Polling expert predicts the date of the next EU Referendum and it’s sooner than you might think!

“If you look so far at what has happened to attitudes and if you look at the age profile of attitudes towards Brexit, you can see why...”


Polling expert Sir John Curtice has suggested that Britain could have another referendum on joining the EU before 2040, given the scale of dissatisfaction with the decision to leave the EU.

Curtice, who is currently Professor of Politics at the University of Strathclyde, made the comments when speaking to a UK in a Changing Europe event on Wednesday evening and said: “I think the 2016 referendum is going to be as unsuccessful as the 1975 one.”

He went on to add that the timescale “depends very much on uncertain politics”.

He said: “I wouldn’t be surprised if it happens before 2040.”

 “If you look so far at what has happened to attitudes and if you look at the age profile of attitudes towards Brexit, you can see why…”

Opinion polls have shown that a majority of the British public want to re-join the EU, with one opinion poll for YouGov putting support for re-joining the EU at 63%. An Omnisis poll last year found that 62% of people wanted the country to re-join the European Union.

When it comes to age demographics, polls generally show that around 70-75% of voters under 25s voted Remain. Meanwhile, over-65s were more than twice as likely as under-25s to have voted to Leave the European Union.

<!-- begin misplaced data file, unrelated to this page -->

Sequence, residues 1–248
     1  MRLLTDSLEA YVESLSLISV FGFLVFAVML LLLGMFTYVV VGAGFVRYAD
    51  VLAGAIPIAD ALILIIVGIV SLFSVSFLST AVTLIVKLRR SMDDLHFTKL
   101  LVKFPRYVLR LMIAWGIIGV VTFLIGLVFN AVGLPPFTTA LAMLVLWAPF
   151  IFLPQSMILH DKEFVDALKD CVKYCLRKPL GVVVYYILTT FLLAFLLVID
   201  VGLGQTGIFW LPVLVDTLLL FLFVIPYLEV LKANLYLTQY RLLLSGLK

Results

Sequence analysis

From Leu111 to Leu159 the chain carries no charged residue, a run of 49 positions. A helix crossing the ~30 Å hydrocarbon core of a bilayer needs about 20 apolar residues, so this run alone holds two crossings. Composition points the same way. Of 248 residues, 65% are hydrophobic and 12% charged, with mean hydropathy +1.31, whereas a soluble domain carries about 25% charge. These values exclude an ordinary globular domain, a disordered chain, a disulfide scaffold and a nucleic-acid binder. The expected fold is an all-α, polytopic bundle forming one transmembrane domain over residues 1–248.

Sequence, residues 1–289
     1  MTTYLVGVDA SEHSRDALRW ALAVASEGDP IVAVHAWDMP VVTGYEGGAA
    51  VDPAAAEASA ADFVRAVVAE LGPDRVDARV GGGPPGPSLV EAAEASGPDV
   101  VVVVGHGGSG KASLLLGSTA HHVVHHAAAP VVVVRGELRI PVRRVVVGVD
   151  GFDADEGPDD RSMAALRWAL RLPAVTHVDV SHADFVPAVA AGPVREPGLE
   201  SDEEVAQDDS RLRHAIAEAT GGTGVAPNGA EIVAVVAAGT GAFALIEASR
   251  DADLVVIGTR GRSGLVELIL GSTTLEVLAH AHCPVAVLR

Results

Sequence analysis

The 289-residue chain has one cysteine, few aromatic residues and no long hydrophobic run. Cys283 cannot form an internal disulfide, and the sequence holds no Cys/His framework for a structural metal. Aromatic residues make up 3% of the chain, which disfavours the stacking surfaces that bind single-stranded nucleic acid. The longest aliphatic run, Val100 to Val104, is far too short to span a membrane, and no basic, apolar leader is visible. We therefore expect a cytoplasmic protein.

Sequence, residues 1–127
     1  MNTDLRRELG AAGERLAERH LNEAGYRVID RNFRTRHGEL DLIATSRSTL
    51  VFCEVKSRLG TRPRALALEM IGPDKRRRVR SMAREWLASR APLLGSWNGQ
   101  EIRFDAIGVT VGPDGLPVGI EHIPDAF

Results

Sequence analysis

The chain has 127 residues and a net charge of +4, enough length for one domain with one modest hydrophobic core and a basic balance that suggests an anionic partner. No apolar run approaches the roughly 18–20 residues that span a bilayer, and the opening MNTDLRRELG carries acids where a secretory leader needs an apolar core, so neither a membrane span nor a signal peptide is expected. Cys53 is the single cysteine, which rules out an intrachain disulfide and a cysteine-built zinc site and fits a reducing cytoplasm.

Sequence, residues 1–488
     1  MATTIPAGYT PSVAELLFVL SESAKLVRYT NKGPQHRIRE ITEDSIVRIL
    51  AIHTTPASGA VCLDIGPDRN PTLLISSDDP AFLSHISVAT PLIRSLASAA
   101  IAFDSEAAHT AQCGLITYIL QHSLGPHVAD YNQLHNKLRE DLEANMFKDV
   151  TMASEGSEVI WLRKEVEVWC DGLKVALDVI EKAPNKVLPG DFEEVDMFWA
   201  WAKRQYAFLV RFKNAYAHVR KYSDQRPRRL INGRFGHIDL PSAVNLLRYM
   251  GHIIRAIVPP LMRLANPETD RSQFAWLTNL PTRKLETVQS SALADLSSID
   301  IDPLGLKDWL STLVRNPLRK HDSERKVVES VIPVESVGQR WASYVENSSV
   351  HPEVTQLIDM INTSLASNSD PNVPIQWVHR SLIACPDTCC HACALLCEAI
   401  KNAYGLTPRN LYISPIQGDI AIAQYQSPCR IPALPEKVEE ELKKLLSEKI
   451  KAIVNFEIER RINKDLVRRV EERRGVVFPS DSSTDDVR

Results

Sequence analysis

Professor Curtice said: “A lot will also happen in terms of how does our relationship with the EU evolve, to what extent does the next Labour government soften it, or not.

“One of the things to realise is that the Labour Party is going to get elected by an electorate which is three-quarters anti-Brexit.”

He went on to say: “One of the great ironies of the whole situation of where we are at, is that the party that has tried the hardest to change the Brexit profile of its support has succeeded the least.

“Labour’s vote is almost as anti-Brexit as it was back in 2019.

“I think it’s not unlikely that the next Labour government is going to hit political trouble fairly early on because I think it’s a terrible, terrible legacy that they’re going to inherit.

“Then they have to think about ways to keep their voters on board – a lot of voters would be hoping that a Labour government would do something about the EU, which is perhaps rather more than what the Labour party is currently saying it wants to do with the EU.”

Basit Mahmood is editor of Left Foot Forward

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